1924: Daisuke Namba, for the Toranomon Incident 1939: Nine Czech students

1869: Hamiora Pere, Maori “traitor” to the Queen

November 16th, 2008 Headsman

On this date in 1869, Hamiora Pere became the only New Zealander ever executed for treason.

Maurice Shadbolt’s Season of the Jew is a historical novel of the conflict that doomed Hamiora Pere. It’s told from the standpoint of Te Kooti, who liked to compare the Maori cause to that of the Israelites resisting Egypt, and founded a religious sect that still persists today.

Pere* came by the distinction quite accidentally — even setting aside the queer circumstance of his “betraying” a state on the opposite side of the globe by resisting its claim to his ancestral homeland.

Hamiora Pere was one of five Maori prisoners from the Siege of Ngatapa during Te Kooti’s War — an indigenous resistance against British colonization — to face the fatal charge.

The crown handled these cases carefully.

Though all five men drew death sentences (mandatory for treason), the government was evidently trying to stay out of the martyr-making business — as revealed by a judge’s comment during official deliberations.

I believe the result is the very best that could have been arrived at. I am glad to know that Mr McLean thinks that one execution will be useful as more would have been by way of example and caution.

Unfortunately for Hamiora Pere, the one of those five who was most likely set up to be the “example,” Wi Tamararo, committed suicide in prison shortly after his sentence.

Pere seemingly became the next in line for hanging because he was associated with murders in a noteworthy massacre at Matawhero that slew 33 Europeans and 37 of their Maori allies. Notably, however, the charge of murder actually filed against him was dropped prior to trial since he could be placed at the scene of the attack, but not directly shown to have killed anyone. Even off the indictment, it may have been the thing that doomed him.

Whatever the nature of the deliberations — and this report (pdf) of New Zealand’s Waitangi Tribunal inconclusively attempts to unpack the story with the patchy evidence available — the remaining convicts got clemency. Four years later, they were pardoned outright.

Pere got the noose at Wellington, and the accidental historical footnote. He would seem destined to maintain his unusual distinction indefinitely, since New Zealand has abolished the death penalty altogether.

Fear of Death

It is the circumstantial distinction of his case that earns Pere his place in this blog out of the numberless thousands to meet his same fate.

But in the end, he faced the gallows in that existential nakedness common to all us mortal wretches beholding death. Many in these pages meet their ceremonial end with with bravado; Hamiora Pere, by contrast, suffered all the pitiably human torments of fear, according to the report of the Daily Southern Cross:

He received the notice of his approaching death with calmness, and it was not until the morning before the execution that he gave any outward sign that he realised his terrible position. … [after his last farewell with his family he] became terribly distressed. He evidently fully recognised his position; he knew that he had looked for the last time on those from whom only he had any right to expect sympathy; every incident was reminding him how rapidly his term of life was decreasing, and it was not until his spiritual adviser … had been with him some time, that he became more composed.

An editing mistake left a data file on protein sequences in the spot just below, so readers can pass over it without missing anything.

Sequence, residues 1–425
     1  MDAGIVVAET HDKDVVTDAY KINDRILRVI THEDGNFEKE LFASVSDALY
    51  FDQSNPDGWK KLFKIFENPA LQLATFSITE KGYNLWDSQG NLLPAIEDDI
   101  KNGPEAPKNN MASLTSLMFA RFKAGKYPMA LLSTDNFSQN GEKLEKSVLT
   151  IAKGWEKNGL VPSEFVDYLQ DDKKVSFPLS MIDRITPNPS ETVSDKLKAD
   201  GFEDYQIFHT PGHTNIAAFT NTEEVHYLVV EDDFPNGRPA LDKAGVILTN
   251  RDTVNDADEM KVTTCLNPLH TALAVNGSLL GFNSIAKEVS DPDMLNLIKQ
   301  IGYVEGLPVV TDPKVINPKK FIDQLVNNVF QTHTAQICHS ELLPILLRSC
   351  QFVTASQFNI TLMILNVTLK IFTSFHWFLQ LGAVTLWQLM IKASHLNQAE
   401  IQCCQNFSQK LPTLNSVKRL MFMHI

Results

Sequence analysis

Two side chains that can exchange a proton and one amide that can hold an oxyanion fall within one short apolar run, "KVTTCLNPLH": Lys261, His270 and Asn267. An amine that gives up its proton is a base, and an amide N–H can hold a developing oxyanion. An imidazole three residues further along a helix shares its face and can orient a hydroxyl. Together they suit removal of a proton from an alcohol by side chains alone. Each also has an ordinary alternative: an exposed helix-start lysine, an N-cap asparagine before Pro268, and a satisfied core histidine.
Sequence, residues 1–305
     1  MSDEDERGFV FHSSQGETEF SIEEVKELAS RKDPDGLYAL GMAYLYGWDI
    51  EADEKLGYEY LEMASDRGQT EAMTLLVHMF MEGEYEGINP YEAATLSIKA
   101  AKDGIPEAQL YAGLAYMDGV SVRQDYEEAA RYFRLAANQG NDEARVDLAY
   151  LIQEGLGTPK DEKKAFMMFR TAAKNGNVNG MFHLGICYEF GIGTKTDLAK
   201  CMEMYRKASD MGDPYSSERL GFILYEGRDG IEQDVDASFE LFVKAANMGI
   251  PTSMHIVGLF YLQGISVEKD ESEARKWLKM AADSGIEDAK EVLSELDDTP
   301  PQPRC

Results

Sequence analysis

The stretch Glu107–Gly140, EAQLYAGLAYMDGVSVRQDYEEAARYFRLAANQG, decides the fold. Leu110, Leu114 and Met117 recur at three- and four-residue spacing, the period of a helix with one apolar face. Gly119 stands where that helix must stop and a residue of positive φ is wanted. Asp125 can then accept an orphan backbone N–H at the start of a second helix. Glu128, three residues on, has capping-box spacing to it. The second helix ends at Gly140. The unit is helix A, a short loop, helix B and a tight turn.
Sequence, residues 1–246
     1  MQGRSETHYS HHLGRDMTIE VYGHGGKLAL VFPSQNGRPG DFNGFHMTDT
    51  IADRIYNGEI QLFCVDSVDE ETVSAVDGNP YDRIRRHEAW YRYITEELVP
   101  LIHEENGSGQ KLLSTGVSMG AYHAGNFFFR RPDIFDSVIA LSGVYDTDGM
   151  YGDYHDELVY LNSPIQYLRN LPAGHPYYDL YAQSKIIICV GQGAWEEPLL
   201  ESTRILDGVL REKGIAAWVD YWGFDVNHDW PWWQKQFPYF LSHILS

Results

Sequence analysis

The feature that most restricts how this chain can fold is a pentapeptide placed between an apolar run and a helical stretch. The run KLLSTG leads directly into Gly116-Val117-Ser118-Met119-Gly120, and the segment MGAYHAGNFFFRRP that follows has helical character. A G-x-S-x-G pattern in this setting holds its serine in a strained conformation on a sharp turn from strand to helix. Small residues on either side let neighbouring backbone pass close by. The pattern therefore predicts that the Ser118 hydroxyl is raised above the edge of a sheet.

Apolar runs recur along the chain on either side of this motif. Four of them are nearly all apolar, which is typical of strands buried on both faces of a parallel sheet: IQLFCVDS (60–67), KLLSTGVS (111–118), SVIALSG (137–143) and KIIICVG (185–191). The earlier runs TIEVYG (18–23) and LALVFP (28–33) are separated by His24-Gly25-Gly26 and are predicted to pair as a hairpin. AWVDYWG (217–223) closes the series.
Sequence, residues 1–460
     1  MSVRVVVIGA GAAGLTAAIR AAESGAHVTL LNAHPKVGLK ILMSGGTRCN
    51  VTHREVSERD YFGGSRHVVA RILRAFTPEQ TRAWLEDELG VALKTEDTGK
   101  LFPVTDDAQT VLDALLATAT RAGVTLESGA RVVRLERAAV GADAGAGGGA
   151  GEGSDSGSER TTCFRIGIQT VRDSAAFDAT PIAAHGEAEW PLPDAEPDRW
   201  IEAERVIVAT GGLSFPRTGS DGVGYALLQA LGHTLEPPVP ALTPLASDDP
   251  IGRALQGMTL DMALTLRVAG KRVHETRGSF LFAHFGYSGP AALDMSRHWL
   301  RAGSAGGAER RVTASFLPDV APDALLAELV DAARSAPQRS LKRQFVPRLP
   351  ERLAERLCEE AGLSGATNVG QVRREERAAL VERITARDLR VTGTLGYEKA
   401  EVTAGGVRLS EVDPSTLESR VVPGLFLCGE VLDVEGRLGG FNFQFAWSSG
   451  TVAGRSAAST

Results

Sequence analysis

[on the morning of the execution, Pere’s] responses [to his spiritual advisor] were accompanied by a peculiar moaning, and by convulsive sobbing. … the prisoner, quite a young man, and with nothing in his general appearance worthy of special remark, was sobbing bitterly, and was evidently suffering from intense mental agony; he looked anxiously around, yet stood firm and erect while he was being pinioned, repeating, as well as his trembling voice would allow, the prayers that were being offered on his behalf. … At the foot of the steps [to the gallows] the prisoner halted a moment, but, being led up, was quickly placed in the centre of the platform, under the noose, which was immediately fixed round his neck. From the time the prisoner left his room, until the rope was adjusted, he continued praying in a low moaning tone, interrupted frequently by violent sobbing …

* Also spelled “Peri” and, occasionally, “Pera”.

On this day..

Entry Filed under: 19th Century,Arts and Literature,Capital Punishment,Cycle of Violence,Death Penalty,Disfavored Minorities,England,Execution,Guerrillas,Hanged,History,Milestones,Murder,New Zealand,Notable Jurisprudence,Occupation and Colonialism,Racial and Ethnic Minorities,Soldiers,Treason,Wartime Executions

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2 thoughts on “1869: Hamiora Pere, Maori “traitor” to the Queen”

  1. mahaki says:

    TRUE JUSTICE….can only come of God.

    Pakeha, since he first landed on Aotearoa,
    DESIRED land @ all costs and devious means.

    His Justice has always “tipped” the Scales of Justice in his favour.

    When GOD comes again, TRUE JUSTICE will be meted out !

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